Exploring Family Perceptions About Primary Care Management Following Diagnosis of Type 1 Diabetes in Preschool-Age Children
AuthorGarlington, Jennifer Erin
Patient Centered Medical Home
Primary Care Management
Type 1 Diabetes
Chronic Care Model
AdvisorBadger, Terry A.
MetadataShow full item record
PublisherThe University of Arizona.
RightsCopyright © is held by the author. Digital access to this material is made possible by the University Libraries, University of Arizona. Further transmission, reproduction or presentation (such as public display or performance) of protected items is prohibited except with permission of the author.
AbstractPurpose: To describe family perceptions about pediatric primary care management following diagnosis of type 1 diabetes mellitus (T1DM) in preschool-aged children living in the Pacific Northwest region of the United States. Study Design and Method: Mothers of children diagnosed with T1DM before the fifth birthday and within the past two years were recruited anonymously through two regional support groups. Perceptions about pediatric primary care management following T1DM diagnosis were elicited through an anonymous 30-item online survey. Demographic characteristics of mother and child were obtained as well as information about five important domains of health care management for a young child with T1DM: (1) multidisciplinary, (2) holistic and compassionate, (3) accessible and communicative, (4) uses current standards and technology, and (5) actively promotes safe self-management. Results: Twenty-one biological mothers participated in this study, each on behalf of a child diagnosed with T1DM who fit inclusion criteria. Overall mothers held positive perceptions about care management by PCPs and endocrinologists within context of each of the five domains. Most mothers felt included in care planning, valued periodic well-child exams, and believed the child's providers were accessible, communicated effectively, and usually demonstrated consideration/compassion for the family. Although a majority of mothers at least somewhat agreed that the PCP used current standards and technology to care for the child, and functioned as the center of his/her health care coordination, these domains elicited a slightly greater number of responses indicating uncertainty or disagreement. Clinical Implications: Nurses and pediatric practitioners can use findings from this study to plan continued exploration into the perceptions and care management needs of families following diagnosis of a very young child with T1DM. The domains of care used to assess mothers' perceptions about care management-based on tenets of the Chronic Care Model (CCM) and Patient Centered Medical Home (PCMH)-can be used by pediatric PCPs and endocrinologists to dialogue with patients and staff about how care management may be improved for these families. Providing opportunities for feedback to the families of young children with T1DM should be encouraged so future research can examine relationships between care management variables and clinical outcomes.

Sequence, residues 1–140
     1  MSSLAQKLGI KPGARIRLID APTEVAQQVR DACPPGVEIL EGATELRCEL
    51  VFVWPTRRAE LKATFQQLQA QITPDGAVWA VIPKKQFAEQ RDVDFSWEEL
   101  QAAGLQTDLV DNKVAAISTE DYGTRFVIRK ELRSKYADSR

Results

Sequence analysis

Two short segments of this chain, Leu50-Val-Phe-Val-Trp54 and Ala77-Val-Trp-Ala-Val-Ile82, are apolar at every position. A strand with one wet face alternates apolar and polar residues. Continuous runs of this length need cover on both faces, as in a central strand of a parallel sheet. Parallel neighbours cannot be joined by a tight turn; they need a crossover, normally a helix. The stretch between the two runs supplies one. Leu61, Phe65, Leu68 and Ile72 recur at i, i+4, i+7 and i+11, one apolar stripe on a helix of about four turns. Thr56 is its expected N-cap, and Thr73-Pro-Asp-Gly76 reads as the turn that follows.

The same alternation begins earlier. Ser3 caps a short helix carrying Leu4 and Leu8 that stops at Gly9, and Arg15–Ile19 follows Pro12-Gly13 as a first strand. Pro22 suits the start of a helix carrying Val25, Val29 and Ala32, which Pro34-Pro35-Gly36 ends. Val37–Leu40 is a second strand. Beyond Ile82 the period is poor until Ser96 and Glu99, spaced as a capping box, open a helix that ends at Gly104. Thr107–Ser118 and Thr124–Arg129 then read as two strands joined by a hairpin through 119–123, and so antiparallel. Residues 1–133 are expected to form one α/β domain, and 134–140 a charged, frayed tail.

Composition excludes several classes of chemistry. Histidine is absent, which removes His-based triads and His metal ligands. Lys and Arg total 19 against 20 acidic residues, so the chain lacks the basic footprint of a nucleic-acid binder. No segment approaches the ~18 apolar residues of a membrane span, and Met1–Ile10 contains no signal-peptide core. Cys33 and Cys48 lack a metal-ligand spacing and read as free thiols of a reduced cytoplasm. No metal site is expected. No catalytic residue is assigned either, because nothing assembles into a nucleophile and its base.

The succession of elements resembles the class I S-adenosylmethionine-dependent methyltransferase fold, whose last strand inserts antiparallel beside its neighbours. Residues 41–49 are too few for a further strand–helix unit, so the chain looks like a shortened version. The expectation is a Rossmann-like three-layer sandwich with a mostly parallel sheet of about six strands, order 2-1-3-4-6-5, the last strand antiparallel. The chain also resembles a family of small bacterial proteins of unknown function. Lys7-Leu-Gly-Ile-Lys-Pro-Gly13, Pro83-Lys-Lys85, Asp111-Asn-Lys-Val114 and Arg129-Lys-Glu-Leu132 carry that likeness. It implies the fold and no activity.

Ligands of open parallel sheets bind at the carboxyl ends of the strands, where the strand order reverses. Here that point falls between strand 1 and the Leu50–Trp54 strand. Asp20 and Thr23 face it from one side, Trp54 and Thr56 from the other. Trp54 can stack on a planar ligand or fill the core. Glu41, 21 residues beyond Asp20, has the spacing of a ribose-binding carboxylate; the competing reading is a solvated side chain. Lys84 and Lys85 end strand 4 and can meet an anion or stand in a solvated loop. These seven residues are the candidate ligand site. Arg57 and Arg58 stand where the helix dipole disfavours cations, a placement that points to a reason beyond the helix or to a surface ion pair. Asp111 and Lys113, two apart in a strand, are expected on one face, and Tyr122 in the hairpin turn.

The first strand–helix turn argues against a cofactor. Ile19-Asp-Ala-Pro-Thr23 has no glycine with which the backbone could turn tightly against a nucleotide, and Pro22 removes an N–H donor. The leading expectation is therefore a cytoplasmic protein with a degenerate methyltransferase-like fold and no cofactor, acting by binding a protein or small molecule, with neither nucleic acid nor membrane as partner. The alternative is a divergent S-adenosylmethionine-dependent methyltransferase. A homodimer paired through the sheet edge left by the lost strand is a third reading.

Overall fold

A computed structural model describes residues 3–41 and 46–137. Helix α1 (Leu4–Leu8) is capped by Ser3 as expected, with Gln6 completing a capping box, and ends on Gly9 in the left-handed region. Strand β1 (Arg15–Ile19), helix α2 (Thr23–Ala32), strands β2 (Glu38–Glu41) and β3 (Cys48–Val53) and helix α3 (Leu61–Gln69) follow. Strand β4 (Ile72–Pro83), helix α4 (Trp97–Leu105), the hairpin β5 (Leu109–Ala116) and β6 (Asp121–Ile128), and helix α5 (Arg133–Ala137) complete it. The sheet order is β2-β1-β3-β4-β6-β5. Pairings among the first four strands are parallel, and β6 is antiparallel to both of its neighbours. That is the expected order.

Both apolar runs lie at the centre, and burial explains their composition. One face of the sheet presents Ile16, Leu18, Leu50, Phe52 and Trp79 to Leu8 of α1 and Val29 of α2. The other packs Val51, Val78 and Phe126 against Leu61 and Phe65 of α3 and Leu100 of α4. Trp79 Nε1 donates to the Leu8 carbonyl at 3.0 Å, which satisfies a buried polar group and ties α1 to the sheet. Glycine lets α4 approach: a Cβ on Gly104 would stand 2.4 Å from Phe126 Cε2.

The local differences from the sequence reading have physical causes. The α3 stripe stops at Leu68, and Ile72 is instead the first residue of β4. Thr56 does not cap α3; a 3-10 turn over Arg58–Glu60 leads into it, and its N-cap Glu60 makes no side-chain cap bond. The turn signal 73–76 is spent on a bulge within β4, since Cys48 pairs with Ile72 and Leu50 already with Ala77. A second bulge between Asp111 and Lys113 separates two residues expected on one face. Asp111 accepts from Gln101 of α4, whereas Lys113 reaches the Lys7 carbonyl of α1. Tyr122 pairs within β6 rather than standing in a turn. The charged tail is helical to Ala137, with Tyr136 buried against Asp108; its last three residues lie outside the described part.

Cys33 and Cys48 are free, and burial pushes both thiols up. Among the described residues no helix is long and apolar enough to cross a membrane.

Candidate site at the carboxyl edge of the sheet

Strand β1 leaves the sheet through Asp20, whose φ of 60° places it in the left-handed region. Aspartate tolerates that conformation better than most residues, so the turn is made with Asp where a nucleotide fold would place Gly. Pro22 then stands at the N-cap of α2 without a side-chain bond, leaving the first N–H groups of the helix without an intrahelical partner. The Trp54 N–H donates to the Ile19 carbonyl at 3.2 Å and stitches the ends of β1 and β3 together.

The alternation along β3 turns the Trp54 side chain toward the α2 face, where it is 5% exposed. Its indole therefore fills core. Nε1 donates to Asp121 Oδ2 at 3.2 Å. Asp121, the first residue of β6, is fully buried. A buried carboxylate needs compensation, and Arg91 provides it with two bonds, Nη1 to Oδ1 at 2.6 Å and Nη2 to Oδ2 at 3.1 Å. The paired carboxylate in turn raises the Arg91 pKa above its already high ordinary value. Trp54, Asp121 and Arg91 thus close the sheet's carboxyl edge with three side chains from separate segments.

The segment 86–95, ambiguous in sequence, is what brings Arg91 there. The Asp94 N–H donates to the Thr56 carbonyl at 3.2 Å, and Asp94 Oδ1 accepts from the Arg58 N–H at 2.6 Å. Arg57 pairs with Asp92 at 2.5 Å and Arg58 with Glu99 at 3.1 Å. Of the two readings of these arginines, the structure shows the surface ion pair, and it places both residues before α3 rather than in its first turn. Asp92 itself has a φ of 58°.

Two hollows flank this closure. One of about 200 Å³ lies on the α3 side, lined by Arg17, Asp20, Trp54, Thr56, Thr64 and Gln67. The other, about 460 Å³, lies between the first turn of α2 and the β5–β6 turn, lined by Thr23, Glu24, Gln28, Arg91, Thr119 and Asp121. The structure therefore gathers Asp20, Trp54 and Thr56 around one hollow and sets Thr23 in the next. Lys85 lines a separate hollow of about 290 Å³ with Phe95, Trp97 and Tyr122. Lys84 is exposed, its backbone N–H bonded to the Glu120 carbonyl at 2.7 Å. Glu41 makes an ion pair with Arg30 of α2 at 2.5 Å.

Degree ProgramGraduate College